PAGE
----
Even in the midst of “winter”, the San Antonio Botanical Gardens are abundant with blooming shrubs, edible plants, and trees that don’t lose their leaves.
The Gardens are located at the terminus of the wonderful and relatively undeveloped Mahncke Park. This linear park connects San Antonio’s crown jewel, Brackenridge Park to the Botanical Gardens. All of these properties came to the city via George W. Brackenridge in 1899, as his Water Works Company realized that the water supply demands on the San Antonio River and its underground aquifers were unsustainable.
The Gardens are home to a lot of interesting architecture too. The modern, low slung welcome center brings you into the grounds. From there you can head to the culinary garden whose name suggests that these plants are edible. Then there is the amazing kid-focused Family Adventure Garden – which I firmly believe should be the goal of every city park system to emulate in at least one part of their city! Kids can run through water courses, dig in the sand under structures made from branches, explore wooden play houses, and dangle their feet into water below mini limestone ledges. It is natural play at its best!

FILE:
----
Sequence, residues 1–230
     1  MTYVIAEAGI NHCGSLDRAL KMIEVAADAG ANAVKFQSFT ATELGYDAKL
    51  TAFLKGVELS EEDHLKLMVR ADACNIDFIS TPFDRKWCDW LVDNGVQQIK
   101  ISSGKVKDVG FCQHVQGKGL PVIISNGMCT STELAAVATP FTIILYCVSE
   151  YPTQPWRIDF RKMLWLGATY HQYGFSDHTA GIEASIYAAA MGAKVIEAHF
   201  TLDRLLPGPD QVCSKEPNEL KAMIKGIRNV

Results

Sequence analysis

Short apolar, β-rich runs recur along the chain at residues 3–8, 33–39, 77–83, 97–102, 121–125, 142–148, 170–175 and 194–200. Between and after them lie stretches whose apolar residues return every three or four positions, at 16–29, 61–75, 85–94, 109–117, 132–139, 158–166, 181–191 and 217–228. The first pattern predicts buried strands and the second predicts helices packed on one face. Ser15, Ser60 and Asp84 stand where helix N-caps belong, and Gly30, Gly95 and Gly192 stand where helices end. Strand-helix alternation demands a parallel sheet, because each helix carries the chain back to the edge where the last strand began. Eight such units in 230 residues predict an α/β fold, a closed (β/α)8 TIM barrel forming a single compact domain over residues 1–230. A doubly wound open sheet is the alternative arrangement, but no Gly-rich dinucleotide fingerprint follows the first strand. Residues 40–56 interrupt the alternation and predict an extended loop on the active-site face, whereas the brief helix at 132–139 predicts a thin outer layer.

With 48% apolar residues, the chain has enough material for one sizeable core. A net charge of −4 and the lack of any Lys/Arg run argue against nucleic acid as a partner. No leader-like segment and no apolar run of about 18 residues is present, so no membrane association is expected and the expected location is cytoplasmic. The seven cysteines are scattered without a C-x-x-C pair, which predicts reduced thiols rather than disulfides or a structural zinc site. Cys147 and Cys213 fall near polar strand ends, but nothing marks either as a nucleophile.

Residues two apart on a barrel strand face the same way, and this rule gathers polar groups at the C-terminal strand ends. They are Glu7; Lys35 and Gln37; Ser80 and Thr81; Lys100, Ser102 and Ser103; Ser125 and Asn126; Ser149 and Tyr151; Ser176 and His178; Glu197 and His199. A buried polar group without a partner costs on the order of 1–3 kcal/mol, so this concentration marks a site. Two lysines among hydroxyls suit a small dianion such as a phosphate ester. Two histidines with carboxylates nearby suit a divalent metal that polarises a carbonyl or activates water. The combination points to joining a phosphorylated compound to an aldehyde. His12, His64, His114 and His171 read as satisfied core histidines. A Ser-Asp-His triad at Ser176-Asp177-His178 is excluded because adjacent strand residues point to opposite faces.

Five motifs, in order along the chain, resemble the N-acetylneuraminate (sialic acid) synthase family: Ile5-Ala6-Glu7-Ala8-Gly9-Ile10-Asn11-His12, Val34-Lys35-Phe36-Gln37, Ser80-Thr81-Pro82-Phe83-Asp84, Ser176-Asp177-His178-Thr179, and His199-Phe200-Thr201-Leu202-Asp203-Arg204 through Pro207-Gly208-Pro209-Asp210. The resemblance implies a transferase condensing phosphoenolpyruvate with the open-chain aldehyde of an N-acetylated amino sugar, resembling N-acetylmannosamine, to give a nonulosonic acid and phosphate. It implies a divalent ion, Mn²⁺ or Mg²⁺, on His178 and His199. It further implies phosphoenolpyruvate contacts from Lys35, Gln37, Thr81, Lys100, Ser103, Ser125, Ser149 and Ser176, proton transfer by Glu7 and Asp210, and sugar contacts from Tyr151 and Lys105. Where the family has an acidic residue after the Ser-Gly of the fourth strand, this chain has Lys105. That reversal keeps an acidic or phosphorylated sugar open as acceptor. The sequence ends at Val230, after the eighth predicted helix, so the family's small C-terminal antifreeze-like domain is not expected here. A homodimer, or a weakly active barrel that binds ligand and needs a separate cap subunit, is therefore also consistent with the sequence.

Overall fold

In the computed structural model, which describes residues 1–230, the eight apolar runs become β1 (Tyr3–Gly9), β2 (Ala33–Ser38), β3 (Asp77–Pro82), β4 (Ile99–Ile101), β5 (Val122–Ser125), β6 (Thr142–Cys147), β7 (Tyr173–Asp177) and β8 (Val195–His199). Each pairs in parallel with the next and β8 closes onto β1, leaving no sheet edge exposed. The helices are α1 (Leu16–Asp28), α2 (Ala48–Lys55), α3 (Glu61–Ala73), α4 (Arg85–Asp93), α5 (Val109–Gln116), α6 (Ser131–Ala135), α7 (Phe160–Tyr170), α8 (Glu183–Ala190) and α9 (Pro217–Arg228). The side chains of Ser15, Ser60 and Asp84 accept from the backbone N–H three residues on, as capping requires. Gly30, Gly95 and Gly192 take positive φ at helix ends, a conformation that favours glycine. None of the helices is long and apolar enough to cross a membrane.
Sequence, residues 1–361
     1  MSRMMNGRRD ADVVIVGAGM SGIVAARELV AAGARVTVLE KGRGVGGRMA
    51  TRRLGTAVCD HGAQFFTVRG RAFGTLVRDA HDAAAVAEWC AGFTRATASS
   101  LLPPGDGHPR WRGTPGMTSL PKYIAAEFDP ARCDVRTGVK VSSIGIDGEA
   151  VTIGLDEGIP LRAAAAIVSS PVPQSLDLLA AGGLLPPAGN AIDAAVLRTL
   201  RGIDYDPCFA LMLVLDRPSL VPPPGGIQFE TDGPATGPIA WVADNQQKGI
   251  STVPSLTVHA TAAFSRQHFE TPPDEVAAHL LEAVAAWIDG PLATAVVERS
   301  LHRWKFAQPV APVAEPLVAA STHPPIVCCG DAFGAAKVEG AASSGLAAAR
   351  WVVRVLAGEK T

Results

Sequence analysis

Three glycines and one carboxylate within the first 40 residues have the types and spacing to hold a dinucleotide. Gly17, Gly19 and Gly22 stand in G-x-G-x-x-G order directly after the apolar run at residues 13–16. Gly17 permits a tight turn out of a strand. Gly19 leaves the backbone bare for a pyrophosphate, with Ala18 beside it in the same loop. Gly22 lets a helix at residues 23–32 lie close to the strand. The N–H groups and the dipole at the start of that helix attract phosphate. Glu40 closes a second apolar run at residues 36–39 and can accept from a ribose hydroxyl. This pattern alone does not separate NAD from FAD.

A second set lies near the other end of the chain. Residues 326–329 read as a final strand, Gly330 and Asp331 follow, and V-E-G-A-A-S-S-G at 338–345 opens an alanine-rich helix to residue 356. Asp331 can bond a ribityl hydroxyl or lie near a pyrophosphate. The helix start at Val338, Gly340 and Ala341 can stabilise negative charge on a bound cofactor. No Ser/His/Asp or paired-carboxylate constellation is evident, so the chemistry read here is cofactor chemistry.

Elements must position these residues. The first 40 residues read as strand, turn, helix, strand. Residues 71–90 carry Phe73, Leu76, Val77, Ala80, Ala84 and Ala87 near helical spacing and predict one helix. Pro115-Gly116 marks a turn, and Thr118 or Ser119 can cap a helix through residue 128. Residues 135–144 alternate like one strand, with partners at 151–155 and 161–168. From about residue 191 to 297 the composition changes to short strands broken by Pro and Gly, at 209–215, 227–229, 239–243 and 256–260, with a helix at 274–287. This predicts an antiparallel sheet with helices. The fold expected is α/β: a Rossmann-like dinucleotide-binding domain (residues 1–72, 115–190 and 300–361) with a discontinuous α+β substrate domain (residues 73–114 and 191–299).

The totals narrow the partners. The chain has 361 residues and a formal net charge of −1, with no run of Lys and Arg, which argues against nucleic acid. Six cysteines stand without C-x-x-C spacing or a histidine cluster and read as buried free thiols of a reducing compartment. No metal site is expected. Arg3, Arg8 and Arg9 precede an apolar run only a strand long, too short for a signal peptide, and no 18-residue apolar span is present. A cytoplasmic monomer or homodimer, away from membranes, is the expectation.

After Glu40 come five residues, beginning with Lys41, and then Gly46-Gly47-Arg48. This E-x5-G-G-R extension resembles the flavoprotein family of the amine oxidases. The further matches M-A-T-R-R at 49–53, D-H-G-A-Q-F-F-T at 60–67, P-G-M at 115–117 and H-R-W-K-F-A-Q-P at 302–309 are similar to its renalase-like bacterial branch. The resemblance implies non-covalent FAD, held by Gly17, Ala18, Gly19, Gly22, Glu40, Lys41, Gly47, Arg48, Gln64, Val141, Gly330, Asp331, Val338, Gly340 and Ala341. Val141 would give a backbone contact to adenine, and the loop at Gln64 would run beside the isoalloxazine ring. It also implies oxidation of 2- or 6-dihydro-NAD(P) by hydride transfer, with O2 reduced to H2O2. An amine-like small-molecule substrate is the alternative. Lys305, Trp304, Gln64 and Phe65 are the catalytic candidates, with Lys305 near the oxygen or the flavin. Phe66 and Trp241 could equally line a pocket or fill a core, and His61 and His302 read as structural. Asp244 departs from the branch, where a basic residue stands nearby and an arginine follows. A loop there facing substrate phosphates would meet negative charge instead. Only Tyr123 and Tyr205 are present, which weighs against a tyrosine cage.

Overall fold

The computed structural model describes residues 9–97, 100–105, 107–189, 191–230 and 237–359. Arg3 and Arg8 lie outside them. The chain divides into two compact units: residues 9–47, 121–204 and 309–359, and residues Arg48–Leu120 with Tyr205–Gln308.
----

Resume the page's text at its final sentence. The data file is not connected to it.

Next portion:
The Texas Native Trail was another delightful gem – taking visitors through three different ecosystems: the Hill Country; South Texas; and the Eastern Piney Woods. A replica of a historic home from that area is located in each of the sections.
We loved walking through the catcus and succulent garden – where saguaros mixed with more native cacti like prickly pear. Watersaver Lane is a cool exhibit that showcases drought resistant landscaping with 6 different types of front yards (in front of their very own, distinctive cottage!)
We didn’t even make it into the Conservatory Gardens during our visit – it was simply to beautiful outside. And the Japanese Gardens are under construction. I knew we’d want to spend more time strolling this stunning place in different seasons so we got an annual membership.
Pictures tell a better story and this gallery includes photos from our visit on February 1st.